Wild Side: Rushing rivers shape their coursesHiking, canoeing or fishing on our local rivers late this summer provides lessons in fluvial geomorphology (the study of physical processes in river systems). The 5-plus inches of rain that came down during the night of Aug. 10 and 11 sent powerful flash floods down the Kinnickinnic and Rush rivers. The effects of those floods are clearly visible.
By: Dan Wilcox, outdoor columnist, River Falls Journal
Hiking, canoeing or fishing on our local rivers late this summer provides lessons in fluvial geomorphology (the study of physical processes in river systems). The 5-plus inches of rain that came down during the night of Aug. 10 and 11 sent powerful flash floods down the Kinnickinnic and Rush rivers. The effects of those floods are clearly visible.
With the rise in water level in a river during a flood, there is an increase in current velocity and shear stress on the bed. The channel bed tends to scour during high flow. Inflowing rocks, gravel and sediment is deposited as the flood flow recedes, filling the channel.
Channel scour and fill occur over short time scales whereas aggradation and degradation apply to long-term average changes over years. The mid-August flood on the Kinnickinnic and Rush rivers produced some significant channel scour and fill that reshaped the geometry of the river channels. Your favorite trout fishing hole was probably changed by the flood.
In addition to the changes in the river channels caused by the flood, the floodplains were reshaped. Floodplains are relatively smooth strips of land bordering rivers that are overflowed during high water. Floodplains are ecologically rich places with trees, vegetation and wildlife adapted to flooding.
There is a remarkable similarity among rivers in the frequency of bankfull flow. The recurrence interval for bankfull flow on most rivers is between one and two years. When a river is flowing at or near bankfull flow, it has the most power to mobilize sediment in its channel. The mid-August floods on the Rush and Kinnickinnic rivers far exceeded bankfull flow. Both rivers filled their floodplains with raging water, snapped over trees and mobilized tons of sediment and woody debris.
Large floods are ecological re-set events for rivers. A week after the flood, the Rush River discharge was back down to normal and flowing clear. The rocks were scoured of periphyton (algae that grow on the river bed). Spring water flowed in with an azure blue tint imparted by the blue sky and calcium carbonate dissolved from limestone. Trout were still there, having found shelter somehow and returned to their home reach of river. I suspect that many fish were washed well downstream or onto the floodplain during the flood.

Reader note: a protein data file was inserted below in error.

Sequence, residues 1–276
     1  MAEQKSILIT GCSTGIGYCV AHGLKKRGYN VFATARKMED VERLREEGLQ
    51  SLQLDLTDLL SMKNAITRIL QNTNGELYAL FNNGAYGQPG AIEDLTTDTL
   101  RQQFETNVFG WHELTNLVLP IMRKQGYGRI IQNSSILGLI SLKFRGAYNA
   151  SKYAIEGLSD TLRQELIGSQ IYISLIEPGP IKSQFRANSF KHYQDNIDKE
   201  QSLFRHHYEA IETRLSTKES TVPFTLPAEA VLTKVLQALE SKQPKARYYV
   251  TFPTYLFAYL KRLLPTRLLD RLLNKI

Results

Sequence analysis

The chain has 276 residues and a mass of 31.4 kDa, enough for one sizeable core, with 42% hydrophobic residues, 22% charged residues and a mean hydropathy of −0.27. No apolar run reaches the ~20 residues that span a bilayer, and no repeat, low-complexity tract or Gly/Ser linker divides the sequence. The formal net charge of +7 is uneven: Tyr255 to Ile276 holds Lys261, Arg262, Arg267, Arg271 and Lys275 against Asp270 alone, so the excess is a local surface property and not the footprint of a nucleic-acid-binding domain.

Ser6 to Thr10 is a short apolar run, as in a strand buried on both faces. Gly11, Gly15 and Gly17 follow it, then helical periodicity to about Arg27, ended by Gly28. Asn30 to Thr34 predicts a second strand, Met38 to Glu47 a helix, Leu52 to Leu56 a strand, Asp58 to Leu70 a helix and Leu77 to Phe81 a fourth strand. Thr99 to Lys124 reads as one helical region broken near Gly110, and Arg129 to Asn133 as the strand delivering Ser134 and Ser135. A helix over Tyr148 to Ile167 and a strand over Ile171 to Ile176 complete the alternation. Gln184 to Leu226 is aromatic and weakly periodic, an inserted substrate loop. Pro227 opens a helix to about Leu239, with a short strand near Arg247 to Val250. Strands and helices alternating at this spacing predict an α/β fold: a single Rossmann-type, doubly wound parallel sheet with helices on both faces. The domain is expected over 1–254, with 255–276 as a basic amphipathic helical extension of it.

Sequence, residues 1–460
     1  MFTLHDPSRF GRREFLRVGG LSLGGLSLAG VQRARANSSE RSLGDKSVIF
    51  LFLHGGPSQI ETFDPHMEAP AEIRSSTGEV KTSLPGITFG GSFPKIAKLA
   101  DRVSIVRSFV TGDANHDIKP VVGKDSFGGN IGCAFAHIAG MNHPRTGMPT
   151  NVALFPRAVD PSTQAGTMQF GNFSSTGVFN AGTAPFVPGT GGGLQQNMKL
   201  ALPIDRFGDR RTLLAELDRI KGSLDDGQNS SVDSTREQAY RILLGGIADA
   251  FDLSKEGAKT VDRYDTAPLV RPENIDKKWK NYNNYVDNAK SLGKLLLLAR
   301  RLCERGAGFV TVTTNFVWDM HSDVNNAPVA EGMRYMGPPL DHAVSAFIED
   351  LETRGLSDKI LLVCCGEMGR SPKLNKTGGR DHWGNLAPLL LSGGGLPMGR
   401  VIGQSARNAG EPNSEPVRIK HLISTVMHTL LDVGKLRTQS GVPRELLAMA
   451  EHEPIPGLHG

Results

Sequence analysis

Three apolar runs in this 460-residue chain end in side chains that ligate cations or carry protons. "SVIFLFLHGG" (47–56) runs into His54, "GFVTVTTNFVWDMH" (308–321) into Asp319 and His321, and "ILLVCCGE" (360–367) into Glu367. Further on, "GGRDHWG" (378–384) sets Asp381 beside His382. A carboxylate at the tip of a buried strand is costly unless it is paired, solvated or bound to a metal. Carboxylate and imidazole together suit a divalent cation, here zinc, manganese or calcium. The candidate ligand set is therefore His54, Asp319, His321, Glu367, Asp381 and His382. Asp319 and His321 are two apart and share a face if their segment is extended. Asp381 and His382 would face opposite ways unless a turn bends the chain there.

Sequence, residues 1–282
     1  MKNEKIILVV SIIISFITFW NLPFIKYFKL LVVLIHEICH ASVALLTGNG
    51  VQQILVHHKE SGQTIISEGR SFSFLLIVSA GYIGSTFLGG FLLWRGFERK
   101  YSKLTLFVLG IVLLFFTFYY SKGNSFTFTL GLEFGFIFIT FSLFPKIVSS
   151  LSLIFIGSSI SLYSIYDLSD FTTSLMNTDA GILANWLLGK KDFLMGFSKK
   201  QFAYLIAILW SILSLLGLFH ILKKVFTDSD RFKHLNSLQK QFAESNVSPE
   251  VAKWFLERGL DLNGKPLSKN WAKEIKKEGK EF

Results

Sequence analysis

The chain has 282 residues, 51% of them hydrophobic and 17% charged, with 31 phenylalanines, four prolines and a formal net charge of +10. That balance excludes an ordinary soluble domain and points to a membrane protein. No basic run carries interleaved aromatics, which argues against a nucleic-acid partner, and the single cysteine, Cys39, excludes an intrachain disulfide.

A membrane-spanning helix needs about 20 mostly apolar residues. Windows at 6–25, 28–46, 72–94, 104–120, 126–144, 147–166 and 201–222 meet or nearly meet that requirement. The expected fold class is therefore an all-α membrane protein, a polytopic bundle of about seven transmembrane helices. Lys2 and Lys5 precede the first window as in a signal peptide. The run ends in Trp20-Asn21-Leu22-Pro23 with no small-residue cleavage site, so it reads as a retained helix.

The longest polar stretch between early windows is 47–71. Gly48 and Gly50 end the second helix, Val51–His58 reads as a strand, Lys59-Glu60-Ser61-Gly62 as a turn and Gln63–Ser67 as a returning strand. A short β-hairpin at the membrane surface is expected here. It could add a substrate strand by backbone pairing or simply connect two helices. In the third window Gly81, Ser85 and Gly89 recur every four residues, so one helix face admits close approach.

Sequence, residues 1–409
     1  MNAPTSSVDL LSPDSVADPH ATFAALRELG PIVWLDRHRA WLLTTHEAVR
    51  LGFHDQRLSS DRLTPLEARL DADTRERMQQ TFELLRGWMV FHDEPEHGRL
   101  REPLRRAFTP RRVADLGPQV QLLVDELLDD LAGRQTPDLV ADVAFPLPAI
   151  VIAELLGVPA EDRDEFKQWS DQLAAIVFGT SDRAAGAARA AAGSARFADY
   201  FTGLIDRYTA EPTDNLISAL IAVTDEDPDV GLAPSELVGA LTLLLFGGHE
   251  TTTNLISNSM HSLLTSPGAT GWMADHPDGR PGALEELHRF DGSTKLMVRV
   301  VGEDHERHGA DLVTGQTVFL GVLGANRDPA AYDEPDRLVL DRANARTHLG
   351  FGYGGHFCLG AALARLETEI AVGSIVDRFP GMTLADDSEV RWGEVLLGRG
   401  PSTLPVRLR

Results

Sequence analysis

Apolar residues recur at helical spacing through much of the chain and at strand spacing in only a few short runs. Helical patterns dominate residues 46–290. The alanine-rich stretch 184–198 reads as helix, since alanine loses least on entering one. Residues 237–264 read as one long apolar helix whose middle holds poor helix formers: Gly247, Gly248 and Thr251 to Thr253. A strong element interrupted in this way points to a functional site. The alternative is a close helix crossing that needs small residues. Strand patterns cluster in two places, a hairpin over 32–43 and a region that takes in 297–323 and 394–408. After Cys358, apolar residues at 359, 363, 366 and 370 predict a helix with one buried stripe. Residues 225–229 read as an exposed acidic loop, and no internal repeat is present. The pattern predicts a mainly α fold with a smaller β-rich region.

By last week, periphyton had re-colonized the rocks and trout were feeding on small emerging mayflies. Many aquatic macroinvertebrates like mayfly larvae burrow downward into the substrate to take shelter during floods. Masses of woody debris, grass, floodplain plants and big round bales of hay are lodged against trees in the floodplain.
The reach of the Rush River in Martell upstream of the lower bridge was modified for trout habitat improvement a couple years ago with a meandering low flow channel, boulders, lunker structures and a cleared floodplain area. The trout habitat features in the low flow channel survived the flood intact. The tall vegetation in the floodplain had been scoured clear and reed canary grass was growing back already.
Aldo Leopold’s son, the late Luna Leopold, was trained as a civil engineer, meteorologist and geologist. His scientific publications spanned 68 years. He greatly advanced understanding of geomorphology, watersheds and river dynamics.
Leopold explained: Just as turbulence in a fluid has a large random component, local variations in erosion and deposition also exhibit random variations having physical effects … that cumulatively forms and maintains the stream channel in all its complexities. The river, then, is the carpenter of its own edifice.
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